Natasha’s Journey to Become a Social Worker for Other Deaf Children

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Alana

    Deaf teenager Natasha has always shown extraordinary potential from the time we met her two years ago. She came to our first Communication Bridging Camp for deaf Aboriginal children and by the end of that special weekend, she had shown her leadership skills and opened up about her dreams. Natasha was inspiring in her determination to become a social worker but she needed to overcome so many challenges to enable her to pursue that goal – including significant educational and communication barriers.

    Three women smile at the camera wearing traditional Indigenous emu feather headdresses.

    Natasha at the 2016 Aboriginal Camp

    ‘I want to help people like me’

    Natasha told us, “When I was little my aunty asked me what I wanted to do when I grew up. I answered her, ‘I want to help people like me’. She says she nearly cried. It’s something that I have always wanted to do for even longer than I can remember. I wanted to encourage the young ones because when I was little, my family taught me about my background being Aboriginal, but I didn’t have any role models to teach me about being deaf. I thought I could be a good role model for them.”

    “I was the second eldest of 11 children and I have grown up looking after my little brothers and sisters. From the time I was around ten, I started making sure they were awake on time, taking them to school, preparing meals, making sure they were fed and not hurt, and washing their clothes.”

    Providing support when it’s needed most

    After the camp, we received a call asking for ongoing support for Natasha. She had returned home to her regional community and at her school, the Head Teacher of Special Education Stuart Wood said he had seen a dramatic difference in Natasha after camp as her self-confidence started to grow. She had hardly been signing to anyone but after the camp, Natasha started signing in front of the whole school and sharing her ideas more.

    Stuart expressed his concern that Natasha needed the chance to strengthen her language skills and her sense of identity as a young deaf woman. He also advocated for Natasha to be able to access the educational opportunities she needs to become a social worker. As Natasha explains, “In hearing schools, I felt like there were a lot of barriers. I was just getting little fragments of information and wasn’t able to take it all in”.

    Deaf Children Australia was able to provide long term support to Natasha – initially through the VidKids pilot program. Case manager Debra Swann and Youth Support Worker Paula Thornton became deaf mentors for Natasha and taught her Auslan skills and independent living skills through Skype. Debra explains, “We talked about life, Natasha’s problems and what she wanted to achieve. We spoke with the teachers about educational needs and advocated for her.” Natasha simply says, “They have helped me with anything and everything.”

    When Natasha moved to live with her grandmother, Deaf Children Australia continued to support her through really tough times. Natasha no longer had her deaf teacher’s aide and she felt a little lost at her new hearing school where she was attempting Year 12. She was trying to care for her family as well and after a short time, Natasha stopped attending school. DCA continued to mentor her and supported Natasha to attend a Crossing Borders Camp in Victoria, and the Talking Hands Camp in the Northern Territory.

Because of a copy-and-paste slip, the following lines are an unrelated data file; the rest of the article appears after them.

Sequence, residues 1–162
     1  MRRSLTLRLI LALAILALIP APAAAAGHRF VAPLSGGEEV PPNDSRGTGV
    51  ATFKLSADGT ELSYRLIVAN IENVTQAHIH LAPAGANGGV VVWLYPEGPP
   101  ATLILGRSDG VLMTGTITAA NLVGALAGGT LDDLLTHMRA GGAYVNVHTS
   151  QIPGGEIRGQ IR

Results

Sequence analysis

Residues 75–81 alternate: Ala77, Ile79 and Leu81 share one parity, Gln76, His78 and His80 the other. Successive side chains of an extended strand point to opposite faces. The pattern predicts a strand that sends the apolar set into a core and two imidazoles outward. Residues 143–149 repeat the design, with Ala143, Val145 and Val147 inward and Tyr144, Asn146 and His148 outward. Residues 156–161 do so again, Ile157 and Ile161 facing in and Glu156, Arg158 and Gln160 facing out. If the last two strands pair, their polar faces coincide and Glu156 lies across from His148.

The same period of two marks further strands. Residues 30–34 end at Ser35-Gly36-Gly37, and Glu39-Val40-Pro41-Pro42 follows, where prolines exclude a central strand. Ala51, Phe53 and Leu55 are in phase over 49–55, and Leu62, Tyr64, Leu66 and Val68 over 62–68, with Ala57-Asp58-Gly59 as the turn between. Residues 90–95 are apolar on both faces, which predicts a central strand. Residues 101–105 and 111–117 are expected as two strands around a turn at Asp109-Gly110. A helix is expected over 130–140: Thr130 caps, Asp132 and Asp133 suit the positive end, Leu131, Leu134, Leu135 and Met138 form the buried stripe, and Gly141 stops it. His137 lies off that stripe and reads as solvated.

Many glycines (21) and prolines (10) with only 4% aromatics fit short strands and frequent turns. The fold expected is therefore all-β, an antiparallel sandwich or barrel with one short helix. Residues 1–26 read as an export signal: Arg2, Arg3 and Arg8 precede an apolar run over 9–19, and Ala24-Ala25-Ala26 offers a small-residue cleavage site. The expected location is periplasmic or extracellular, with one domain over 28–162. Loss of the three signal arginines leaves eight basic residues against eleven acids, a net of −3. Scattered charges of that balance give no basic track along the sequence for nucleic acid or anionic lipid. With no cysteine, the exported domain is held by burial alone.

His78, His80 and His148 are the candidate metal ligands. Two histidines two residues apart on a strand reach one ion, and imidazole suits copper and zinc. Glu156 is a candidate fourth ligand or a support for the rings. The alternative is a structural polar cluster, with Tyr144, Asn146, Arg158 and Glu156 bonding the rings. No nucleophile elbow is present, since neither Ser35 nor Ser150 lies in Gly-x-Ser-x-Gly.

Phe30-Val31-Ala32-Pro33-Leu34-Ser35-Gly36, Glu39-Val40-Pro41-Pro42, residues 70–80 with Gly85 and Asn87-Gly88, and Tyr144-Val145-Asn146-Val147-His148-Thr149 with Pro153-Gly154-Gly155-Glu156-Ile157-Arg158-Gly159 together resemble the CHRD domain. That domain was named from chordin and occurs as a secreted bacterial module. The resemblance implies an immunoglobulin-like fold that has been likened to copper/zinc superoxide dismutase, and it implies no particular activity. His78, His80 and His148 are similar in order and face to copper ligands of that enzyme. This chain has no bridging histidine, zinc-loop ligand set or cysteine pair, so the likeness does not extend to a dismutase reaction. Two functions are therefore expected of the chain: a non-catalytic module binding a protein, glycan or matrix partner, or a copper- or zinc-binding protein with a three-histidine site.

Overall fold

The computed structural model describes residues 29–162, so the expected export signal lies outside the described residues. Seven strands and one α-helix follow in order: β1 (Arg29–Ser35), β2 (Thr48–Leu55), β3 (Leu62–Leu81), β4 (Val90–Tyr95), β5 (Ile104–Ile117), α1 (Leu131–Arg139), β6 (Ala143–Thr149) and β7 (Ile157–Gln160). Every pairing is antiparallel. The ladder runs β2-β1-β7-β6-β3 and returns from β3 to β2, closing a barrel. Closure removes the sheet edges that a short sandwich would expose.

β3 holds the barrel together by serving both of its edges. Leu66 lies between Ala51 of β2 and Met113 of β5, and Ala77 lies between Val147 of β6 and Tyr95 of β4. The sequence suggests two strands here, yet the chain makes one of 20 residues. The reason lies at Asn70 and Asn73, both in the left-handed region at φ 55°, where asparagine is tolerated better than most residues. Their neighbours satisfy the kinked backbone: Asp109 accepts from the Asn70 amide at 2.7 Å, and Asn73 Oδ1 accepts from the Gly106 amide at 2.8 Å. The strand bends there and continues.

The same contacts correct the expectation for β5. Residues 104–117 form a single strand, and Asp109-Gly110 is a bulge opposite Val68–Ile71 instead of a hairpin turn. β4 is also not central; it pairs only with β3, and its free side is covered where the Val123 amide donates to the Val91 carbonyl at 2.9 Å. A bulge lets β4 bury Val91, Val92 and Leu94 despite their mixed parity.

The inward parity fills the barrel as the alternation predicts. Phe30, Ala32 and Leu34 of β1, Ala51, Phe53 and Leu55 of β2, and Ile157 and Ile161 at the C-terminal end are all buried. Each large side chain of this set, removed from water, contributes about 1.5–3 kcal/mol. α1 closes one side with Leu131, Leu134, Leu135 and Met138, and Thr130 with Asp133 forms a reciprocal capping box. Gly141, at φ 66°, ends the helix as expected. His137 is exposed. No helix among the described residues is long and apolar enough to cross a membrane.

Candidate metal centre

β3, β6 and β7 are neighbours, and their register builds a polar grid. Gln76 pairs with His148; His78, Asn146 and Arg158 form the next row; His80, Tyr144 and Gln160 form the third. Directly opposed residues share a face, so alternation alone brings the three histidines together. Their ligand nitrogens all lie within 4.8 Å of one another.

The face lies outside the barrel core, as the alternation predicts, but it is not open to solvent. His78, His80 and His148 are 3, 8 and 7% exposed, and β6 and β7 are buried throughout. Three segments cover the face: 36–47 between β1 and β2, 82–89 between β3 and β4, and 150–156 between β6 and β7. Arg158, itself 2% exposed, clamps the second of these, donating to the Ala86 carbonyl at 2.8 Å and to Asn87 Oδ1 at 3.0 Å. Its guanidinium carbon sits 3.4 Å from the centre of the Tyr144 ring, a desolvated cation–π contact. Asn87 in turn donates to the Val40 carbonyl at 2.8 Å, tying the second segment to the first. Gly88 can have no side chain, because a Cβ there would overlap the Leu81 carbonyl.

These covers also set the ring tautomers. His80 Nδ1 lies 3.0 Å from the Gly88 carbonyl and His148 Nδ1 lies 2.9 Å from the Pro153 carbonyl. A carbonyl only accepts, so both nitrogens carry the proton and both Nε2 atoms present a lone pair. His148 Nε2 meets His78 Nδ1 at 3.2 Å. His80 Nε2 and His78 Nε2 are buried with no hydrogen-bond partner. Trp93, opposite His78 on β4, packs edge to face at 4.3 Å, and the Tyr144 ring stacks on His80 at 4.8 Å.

“I really had some goals after the coma – something that I wanted to achieve

    In the middle of that year, Natasha fell ill with meningitis and lay in a coma for a week. Natasha explains, “When I woke up and found out I had almost died, it was a real shock to me. After that experience, I thought life is really too short. It really made me decide I wanted to move to Melbourne, do Year 12 at Victorian College for the Deaf (VCD) and go to university in Melbourne. I thought VCD would give me the best chance to get into university because all the teachers sign. So I really had some goals after the coma – something that I wanted to achieve. I wanted to do social work with deaf Aboriginal children and make an impact in the community.”

    Debra talked with Natasha’s aunty in Melbourne about helping Natasha to move down here, and assisted Natasha with accommodation and school meetings. On the day Natasha arrived, Paula helped her with travel training and will continue to help with independent living skills. Natasha says, “It is difficult of course being independent and away from most of my family but at the same time, it’s really good. I have some role models and older people guiding me. Like this morning, I got lost in the city on my way to school and Deb helped me find my way.”

    Now, Natasha is feeling great about the new opportunities and her role at DCA’s Deaf Aboriginal Camp as a youth leader. She is well on her way to achieving her dream of helping other children like herself.

    Help us reach out to more children

    We have shared Natasha’s story in our current Autumn Appeal because there are so many other children and young people like her. Can you enable us to reach out to other children and young people like Natasha who just need to be empowered and supported to achieve their potential in life? Please take a moment to make a tax deductible donation through calling us on (03) 9539 5356 or giving online at www.deafchildrenaustralia.org.au

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